A white-handed gibbon, Phoenice, and her newly born infant, swing in their enclosure at the Philadelphia Zoo. Credit: Charles Mostoller/METRO
There's been a recent baby boom at the Philadelphia Zoo as five newborns have been welcomed in the last several weeks.
Moja, a female black and white colobus monkey, was born to 10-year-old mother Johari on Sept. 3. The newborn's name means "number one" in Swahili. Moja was the first of four colobus monkeys born this fall.
Moja joins Mbiili, a male, whose name means "number two." He was born to 8-year-old mother Dhoruba on Oct. 8. Nine-year-old mother Zabibu gave birth on Oct. 23 to Tatu, a female, whose name means "number three."
"Number four" is Nne, a male, who was born to 15-year-old mother Ophelia on Nov. 9.
Eleven-year-old Chua, the only male colobus monkey, is the father of all four newborns.
The zoo also welcomed a male white-handed gibbon who was born to 24-year-old Phoenice. Phoenice already has a two-year-old male named Leo. Both of her offspring were fathered by 23-year-old Mercury.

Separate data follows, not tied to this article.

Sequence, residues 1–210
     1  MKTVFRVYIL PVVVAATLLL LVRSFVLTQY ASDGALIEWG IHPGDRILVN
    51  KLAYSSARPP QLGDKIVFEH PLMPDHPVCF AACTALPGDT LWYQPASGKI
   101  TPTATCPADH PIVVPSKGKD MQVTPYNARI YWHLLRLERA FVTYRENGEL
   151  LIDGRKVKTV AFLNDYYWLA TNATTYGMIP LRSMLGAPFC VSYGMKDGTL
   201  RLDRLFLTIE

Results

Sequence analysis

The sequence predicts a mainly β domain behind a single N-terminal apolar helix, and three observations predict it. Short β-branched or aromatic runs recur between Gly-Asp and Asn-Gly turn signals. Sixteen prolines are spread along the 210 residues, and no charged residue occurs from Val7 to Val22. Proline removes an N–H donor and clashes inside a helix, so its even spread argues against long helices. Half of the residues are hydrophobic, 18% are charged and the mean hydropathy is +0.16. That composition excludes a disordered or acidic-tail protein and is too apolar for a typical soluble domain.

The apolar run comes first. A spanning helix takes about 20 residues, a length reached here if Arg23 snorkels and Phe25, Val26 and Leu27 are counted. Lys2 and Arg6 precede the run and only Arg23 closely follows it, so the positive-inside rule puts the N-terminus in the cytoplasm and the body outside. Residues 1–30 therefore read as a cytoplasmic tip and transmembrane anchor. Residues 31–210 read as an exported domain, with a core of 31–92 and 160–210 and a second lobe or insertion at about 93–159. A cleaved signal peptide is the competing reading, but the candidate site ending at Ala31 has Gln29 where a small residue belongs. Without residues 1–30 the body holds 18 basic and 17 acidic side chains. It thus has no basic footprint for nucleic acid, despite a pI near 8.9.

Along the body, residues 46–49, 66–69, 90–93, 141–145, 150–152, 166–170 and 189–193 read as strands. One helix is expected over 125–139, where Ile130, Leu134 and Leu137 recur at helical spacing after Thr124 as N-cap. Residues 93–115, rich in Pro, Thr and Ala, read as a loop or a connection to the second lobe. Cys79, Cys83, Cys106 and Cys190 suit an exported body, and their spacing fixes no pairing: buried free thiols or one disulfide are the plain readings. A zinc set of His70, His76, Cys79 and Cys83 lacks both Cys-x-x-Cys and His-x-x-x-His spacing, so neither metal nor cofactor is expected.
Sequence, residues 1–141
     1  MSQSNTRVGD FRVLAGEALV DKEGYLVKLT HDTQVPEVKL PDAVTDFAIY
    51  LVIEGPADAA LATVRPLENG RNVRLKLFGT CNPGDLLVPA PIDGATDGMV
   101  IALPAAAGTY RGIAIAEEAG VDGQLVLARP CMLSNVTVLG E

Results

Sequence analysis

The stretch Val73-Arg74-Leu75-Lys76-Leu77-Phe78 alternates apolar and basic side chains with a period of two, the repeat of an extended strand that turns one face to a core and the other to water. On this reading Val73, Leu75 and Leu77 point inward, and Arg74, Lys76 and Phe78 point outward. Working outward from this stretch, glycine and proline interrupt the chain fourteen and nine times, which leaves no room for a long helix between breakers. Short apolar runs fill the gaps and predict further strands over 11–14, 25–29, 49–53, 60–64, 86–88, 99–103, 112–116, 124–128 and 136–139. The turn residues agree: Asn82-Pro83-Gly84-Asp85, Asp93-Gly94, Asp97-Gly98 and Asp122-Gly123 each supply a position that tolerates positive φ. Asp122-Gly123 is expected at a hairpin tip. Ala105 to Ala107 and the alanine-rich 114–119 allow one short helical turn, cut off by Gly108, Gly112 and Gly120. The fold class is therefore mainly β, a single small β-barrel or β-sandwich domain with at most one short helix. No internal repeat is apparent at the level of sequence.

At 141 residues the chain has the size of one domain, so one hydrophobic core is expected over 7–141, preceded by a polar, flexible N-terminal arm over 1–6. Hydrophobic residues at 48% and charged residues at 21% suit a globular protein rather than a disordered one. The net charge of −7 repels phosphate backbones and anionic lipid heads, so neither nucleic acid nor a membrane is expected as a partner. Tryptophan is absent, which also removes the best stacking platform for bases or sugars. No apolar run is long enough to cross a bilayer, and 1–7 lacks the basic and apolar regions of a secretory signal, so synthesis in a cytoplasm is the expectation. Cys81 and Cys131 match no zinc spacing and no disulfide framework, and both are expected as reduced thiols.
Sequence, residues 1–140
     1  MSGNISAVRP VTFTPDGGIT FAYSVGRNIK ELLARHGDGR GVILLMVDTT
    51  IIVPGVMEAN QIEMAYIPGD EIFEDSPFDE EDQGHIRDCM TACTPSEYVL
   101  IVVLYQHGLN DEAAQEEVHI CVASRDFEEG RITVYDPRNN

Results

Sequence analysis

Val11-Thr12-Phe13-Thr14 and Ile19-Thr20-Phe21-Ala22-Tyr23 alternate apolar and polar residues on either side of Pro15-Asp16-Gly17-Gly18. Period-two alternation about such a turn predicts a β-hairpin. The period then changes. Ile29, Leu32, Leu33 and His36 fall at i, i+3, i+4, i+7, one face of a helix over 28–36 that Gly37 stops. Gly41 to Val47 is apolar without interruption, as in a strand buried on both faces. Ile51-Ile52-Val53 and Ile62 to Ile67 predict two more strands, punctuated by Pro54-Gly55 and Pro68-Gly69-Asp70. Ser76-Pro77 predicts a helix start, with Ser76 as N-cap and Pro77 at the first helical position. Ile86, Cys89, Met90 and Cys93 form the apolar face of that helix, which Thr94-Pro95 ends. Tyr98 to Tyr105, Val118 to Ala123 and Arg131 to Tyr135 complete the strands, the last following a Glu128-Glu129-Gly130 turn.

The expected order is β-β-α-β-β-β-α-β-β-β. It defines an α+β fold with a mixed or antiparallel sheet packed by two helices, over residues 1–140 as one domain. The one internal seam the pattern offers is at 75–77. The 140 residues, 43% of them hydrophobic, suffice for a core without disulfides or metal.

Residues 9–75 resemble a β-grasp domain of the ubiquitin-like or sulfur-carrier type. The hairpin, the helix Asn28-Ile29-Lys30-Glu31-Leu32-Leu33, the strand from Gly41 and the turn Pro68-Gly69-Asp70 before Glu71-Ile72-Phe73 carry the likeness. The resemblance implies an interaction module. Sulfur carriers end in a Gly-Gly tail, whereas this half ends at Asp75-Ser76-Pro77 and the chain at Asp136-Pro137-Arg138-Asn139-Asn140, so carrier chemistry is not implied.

Zoo officials are hoping for some help with naming the baby and are starting a Facebook campaign here.
“It is always exciting for us to announce successful births at Philadelphia Zoo,” says Kevin Murphy, general curator.
Zoo officials said all five babies are healthy.
Colobus monkey facts
Colobus babies are white at birth.
They slowly turn to their adult colors within the first month of life.
Babies cling onto their mothers before independent play begins.
You may see any adult female carrying any of the infants. It's a supplemental parenting technique called "aunting."
White-handed gibbon facts
White-handed gibbons in the wild typically live in serial monogamous pairs with up to four offspring.
Sometimes, they live in multi-male groups or multi-female groups
Philadelphia Zoo staff thinks the newborn will be blonde like Leo, his brother.